I woke up this morning with Madonna’s ‘Rain’ playing in my head.


It’s 32 degrees in Toronto today. With the humidity in the air, it feels more like 38 degrees. Although I don’t want to complain about the long-awaited summer, at this point, I think it’s fair to say that we need a break from the heat. The west coast especially needs some rain after the long draught. I must issue a disclaimer here to say that I am a person who thoroughly enjoys rainy weather. I am inspired by rainy weather as some of my fondest memories are of events that occurred on overcast days. Here are a few of those rainy childhood memories. One of these was written several months ago for a writing class; I wrote the other two earlier today:


I am alive in October, ready to record the rise in the wind. It’s because of the leaves and their candy colours, inviting me into the damp days of my childhood, walking under a giant umbrella with my mom, beautiful and elegant in her high-heeled boots and a wool coat. Even amidst the grey wet streets, the leaves seem to sparkle out at me, making me feel cozy inside my dirty pink puffy jacket. The wind and rain of October bring with them a sense of comfort, the comfort of my mom’s warm hand inside her sleek leather glove, holding mine, hidden in a knitted wool mitten. For once, we don’t rush to get me to school in the early morning. Instead, we stroll along the street and we smile. October is the warmest month in my calendar.

My grandmother and I run down the neighbourhood street, holding hands and giggling, enjoying the cooling rainy shower after a stifling hot day. I am spending the lazy summer days on the balcony of her second-storey apartment, seated in a soft-backed chair with my feet resting on a stool before me, eating peaches so ripe that the sweet nectar runs down my chin, the bright yellow juice stains spreading across the bodice of my new white dress. On the balcony’s ledge, even Babushka’s lavender bell flowers appear sleepy in spite of their effort to stay bright and cheerful. She waters them every morning and evening, caressing them tenderly with her soft, graceful hands that have so much love to give. In the evening, the breeze picks up suddenly while Babushka and I are out for a walk in the neighbourhood, stopping to admire the fragrant, bright flowers that adorn the front yards of street-level apartments of the high-rise apartment buildings. She tells me the air smells like rain. Moments later, a tiny drop lands on the tip of my nose, as if in confirmation and mischievous warning of the inevitable. And then we run, skipping over puddles on our way to the nearest overhang in front of an entrance to an apartment building. The sandals on our feet are soggy, our toes quickly starting to slip. We hold hands to support each other, and through the rolling laughter, I forget that I am running with a woman who is some 50 years older than me. I am running with a pretty fairy, as light as feather, pulling me gently by the hand. I imagine we are floating through the air, our feet pedalling above the cooling asphalt. Breathlessly, she laughs and tells me how much she loves rainy weather. I smile back at her mischievous eyes and we pause for a moment before starting to run again, our laughter echoing through the street.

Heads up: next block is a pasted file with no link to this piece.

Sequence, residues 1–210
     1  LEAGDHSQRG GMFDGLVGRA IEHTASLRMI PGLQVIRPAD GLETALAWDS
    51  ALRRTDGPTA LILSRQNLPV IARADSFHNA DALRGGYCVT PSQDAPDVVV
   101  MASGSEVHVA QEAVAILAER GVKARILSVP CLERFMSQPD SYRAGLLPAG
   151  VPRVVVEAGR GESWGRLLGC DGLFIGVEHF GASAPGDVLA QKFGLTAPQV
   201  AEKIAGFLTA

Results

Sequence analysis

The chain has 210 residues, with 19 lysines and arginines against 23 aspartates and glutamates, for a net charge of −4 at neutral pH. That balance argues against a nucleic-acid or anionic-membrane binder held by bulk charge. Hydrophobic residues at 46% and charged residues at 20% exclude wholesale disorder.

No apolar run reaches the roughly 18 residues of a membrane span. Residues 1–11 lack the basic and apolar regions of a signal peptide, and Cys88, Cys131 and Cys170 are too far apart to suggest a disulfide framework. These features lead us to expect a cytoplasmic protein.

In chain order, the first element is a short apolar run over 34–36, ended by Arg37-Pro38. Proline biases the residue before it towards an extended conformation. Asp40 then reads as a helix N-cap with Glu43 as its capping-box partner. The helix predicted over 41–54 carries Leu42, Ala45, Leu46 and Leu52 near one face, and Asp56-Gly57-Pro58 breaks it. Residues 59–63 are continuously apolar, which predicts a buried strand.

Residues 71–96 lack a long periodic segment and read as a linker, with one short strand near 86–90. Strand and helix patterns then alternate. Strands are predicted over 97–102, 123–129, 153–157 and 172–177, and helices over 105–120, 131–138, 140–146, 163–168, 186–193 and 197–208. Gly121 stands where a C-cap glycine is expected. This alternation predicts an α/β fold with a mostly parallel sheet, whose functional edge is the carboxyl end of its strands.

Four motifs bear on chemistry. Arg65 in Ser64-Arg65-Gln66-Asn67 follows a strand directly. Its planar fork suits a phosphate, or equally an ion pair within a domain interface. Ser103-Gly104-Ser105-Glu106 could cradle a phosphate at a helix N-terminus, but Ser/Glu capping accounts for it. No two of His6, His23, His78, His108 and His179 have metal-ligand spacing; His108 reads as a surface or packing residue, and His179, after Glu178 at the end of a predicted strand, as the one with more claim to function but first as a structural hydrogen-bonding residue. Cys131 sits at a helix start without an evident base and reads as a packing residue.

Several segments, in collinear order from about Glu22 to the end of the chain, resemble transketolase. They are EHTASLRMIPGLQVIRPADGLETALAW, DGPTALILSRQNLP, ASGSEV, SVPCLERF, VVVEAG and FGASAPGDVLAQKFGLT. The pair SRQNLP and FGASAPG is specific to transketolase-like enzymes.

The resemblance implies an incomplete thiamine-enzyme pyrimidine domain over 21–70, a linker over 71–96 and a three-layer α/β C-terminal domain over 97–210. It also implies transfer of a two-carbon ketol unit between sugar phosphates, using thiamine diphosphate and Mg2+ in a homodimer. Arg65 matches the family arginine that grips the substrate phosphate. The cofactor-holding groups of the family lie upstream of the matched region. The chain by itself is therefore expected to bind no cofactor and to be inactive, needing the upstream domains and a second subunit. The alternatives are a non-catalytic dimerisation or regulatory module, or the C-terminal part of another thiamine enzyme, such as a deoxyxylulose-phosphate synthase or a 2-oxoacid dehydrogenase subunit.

The school bell rings and I sigh in relief, picking up my backpack and umbrella, quietly slipping out of the classroom and through the school’s front gate, crowded with other children awaiting their rides. I look forward to walking home alone through a park of towering Eucalyptus trees. It’s my usual daily route to walk with several friends on our way to and from school. In the rain, however, I know I will be alone with the sound of wet drops tapping on my umbrella and my rubber boots splashing in puddles. I politely decline my friend’s father’s offer for me to join my friend and her brother in the backseat of the car for a lift home, and without stopping to consider the puzzled expressions on their faces, I turn away to escape into my own experience. I crave solitary soggy walks, followed by changing into a cozy sweater at home, then sitting down by the window with a book and a mug of steaming tea.

How do you feel about rain? Does it inspire you? Does it bring out feelings of melancholy? Does it make you want to put on yellow rubber boots and go dancing through puddles? Leave a comment to share your story with me!


Thank you for sharing this edition with other rain-lovers. 

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